April 11, 2024

RALEIGH – Ballot-wide, Republican candidates in North Carolina are seeing a squeeze this month, as the party’s leads are narrowing across the board. A plurality of likely North Carolina voters (43.4%) said they intend to vote for Former President Donald Trump, and 39% said they intend to vote for sitting President Joe Biden – a 4.3-point lead, down from 5.2 points last month. Independent candidate Robert F. Kennedy Jr. has the support of 7.3% of voters. Another 4.5% of voters said they plan to vote for “someone else,” and 5.9% remain undecided. Young voters are showing a noteworthy affinity for Kennedy Jr, with nearly 1-in-5 voters aged 18-35 supporting his candidacy. Men are twice as likely to vote for Kennedy Jr. than women. 

Republican gubernatorial candidate Mark Robinson saw a reduction in his lead this month, as well. His support dipped to 39.9%, with his main competitor, Democratic candidate Josh Stein, garnering 37.9% support. This is a marked decline from March when Robinson was up by five points. Both Green Party candidate Wayne Turner and Libertarian Party candidate Mike Ross saw slight increases in support, with Turner at 0.9% and Ross at 3%. This race still has many undecided voters (18.3%). 

“Third-party candidates are seeing an increase in popularity this cycle,” said Carolina Journal publisher and John Locke Foundation CEO Donald Bryson. “Only time will tell if this trend continues.” 

The GOP saw slight declines in their showing for the generic congressional and state legislative races. A plurality of 46.3% of voters said they intend to vote for a Republican congressional candidate, while 42.1% of voters said they intend to vote for a Democratic candidate. Nearly 12% of voters were unsure. The GOP had slightly better showings for the state legislature, with 47.8% support for Republicans and 42.1% support for Democrats. Around 10% of voters were unsure. 

Most North Carolinians continue to believe that America is on the “wrong track” (64.3%), with only 27.2% saying the nation is on the “right track.” President Biden’s approval ratings are similarly underwater. Only 34.6% of voters approve of the job he is doing in office, and 56.7% disapprove. Governor Roy Cooper continues to have a higher approval rating than the president, with 44.2% approval, and 37.9% disapproval. 

Voters have indicated that inflation is still impacting their wallets, with an overwhelming 80.7% of voters claiming they are spending more on groceries than they were a year ago. The impact of higher prices is highly correlated with voters’ sentiment about the direction of the country, with 93% of likely voters who believe the country is headed in the “wrong direction” stating they are paying more for groceries. 

While the cost of necessities continues to go up for most, many likely voters are spending less on recreational expenses. A plurality of 43.3% of North Carolinians said they will be spending less on travel this year. Around a third of voters said their plans will not change, and 15.3% said they plan to spend more on travel this year.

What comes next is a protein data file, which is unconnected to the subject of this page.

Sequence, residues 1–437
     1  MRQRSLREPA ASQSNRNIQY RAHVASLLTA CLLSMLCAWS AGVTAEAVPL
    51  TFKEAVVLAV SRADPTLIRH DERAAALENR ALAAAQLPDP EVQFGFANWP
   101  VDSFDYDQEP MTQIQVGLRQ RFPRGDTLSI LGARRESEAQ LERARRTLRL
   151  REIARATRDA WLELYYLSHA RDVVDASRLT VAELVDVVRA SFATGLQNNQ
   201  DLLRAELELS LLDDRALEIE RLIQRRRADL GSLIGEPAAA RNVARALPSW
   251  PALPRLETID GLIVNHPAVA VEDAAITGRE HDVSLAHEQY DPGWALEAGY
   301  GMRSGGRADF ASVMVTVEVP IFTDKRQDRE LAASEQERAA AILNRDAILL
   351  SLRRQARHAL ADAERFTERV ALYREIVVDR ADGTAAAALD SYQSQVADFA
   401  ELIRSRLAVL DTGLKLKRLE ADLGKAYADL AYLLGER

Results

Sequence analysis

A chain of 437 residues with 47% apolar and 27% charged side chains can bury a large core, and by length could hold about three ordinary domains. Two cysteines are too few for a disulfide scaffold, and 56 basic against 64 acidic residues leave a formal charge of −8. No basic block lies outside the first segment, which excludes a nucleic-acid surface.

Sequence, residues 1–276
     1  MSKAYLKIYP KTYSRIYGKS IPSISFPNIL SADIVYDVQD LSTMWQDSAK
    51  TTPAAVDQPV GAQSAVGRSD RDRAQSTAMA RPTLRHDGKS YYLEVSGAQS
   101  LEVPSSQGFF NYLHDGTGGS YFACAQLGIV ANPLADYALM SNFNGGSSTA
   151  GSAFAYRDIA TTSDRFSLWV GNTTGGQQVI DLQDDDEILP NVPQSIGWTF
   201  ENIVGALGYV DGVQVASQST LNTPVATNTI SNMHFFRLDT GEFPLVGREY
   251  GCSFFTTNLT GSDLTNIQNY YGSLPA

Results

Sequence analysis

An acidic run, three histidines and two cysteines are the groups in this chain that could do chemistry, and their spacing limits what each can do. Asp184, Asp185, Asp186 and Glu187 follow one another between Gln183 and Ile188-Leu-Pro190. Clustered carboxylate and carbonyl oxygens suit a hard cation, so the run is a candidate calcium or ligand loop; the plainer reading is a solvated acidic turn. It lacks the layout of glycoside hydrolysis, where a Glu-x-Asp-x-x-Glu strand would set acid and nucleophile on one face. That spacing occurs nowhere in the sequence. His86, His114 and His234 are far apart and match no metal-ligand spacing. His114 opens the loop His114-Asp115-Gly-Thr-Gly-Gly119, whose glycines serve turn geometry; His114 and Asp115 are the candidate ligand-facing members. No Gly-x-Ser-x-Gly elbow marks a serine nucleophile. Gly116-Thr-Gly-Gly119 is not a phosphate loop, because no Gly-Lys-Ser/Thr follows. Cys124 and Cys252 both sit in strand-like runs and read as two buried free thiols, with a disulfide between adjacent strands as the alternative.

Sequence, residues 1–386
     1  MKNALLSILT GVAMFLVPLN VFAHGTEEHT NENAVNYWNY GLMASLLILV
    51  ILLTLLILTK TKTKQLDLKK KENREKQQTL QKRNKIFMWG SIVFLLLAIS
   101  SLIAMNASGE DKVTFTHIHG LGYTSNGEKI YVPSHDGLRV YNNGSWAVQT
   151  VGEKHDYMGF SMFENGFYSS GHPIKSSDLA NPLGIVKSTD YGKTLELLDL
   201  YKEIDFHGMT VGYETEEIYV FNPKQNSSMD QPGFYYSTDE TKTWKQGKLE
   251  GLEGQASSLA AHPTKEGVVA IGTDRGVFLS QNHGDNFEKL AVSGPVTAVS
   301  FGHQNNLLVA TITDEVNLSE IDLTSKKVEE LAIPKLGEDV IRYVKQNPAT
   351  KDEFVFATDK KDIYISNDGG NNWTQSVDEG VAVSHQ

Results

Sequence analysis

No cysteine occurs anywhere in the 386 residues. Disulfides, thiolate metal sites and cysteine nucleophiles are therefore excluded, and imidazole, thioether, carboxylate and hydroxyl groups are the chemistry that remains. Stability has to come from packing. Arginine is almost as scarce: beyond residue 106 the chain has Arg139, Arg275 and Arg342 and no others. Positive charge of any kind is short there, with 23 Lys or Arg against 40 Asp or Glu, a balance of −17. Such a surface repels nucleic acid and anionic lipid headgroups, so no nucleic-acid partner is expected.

“Inflation is still a major issue for voters,” Bryson continued. “Despite inflation slowing down, the damage is done. Families will likely never again see the grocery prices of the past. Decreased inflation does not equal decreased prices.” 

One thing most voters agree they will not spend any money on, however, is sports betting. Over 77% of likely voters say they have never placed a sports bet and never intend to do so. Sports betting is least appealing to older women, with 88% of women 65+ stating they have not, nor intend to place a bet. It is most appealing to men under 50. One-third of men under 50 either already have or intend to place a bet on sports. 

Homeowners associations (HOAs) similarly were found to be quite unpopular. More than 60% of voters have unfavorable opinions of HOAs, and less than 20% view them favorably. The elderly and high earners are the most likely to show support for HOAs, with those who are over 65 and make over $100K/year being 48% likely to view these associations favorably. Three-fourths of North Carolinians said they would like to see more recourse options, outside of litigation, for homeowners to resolve disputes with their HOA. Less than 5% of voters oppose more recourse options. 

A majority of voters do, however, support the state’s Opportunity Scholarship Program. Three-fifths of voters support the program, and less than a quarter oppose it. This year, due to an expansion in eligibility, the program has seen a 500% increase in applicants. Current funding levels for the program will not be enough to grant scholarships to everyone who applied. When asked if the General Assembly should increase the funding of this program, a plurality of 41.1% said yes, 15.7% said to keep finding levels the same, and 19.7% said they do not support the program. A significant share of voters (23.1%) are unsure about expanding funding for this program. 

On the matter of education, most voters do not believe students should be able to have their phones in the classroom. Nearly 65% of voters said smartphones should not be allowed in the classroom, with less than a quarter of participants thinking they should be allowed. Younger voters are more likely to believe students should be allowed to have their phones, with nearly half of those in the 18-34 age range believing phones should be allowed, while less than 10% of voters 65+ agree. 

The legislative “short” session begins this month. When asked if legislators’ $13,951 annual salary was adequate, 57.1% of voters indicated they believe lawmakers are paid enough. However, if lawmakers’ pay does not increase, 51.2% of North Carolinians believe the number of days in the legislative sessions should be capped. On both matters, a significant portion of voters are unsure (24.5% and 22.4%, respectively). A plurality of 48.5% believe legislators’ salaries should not be raised.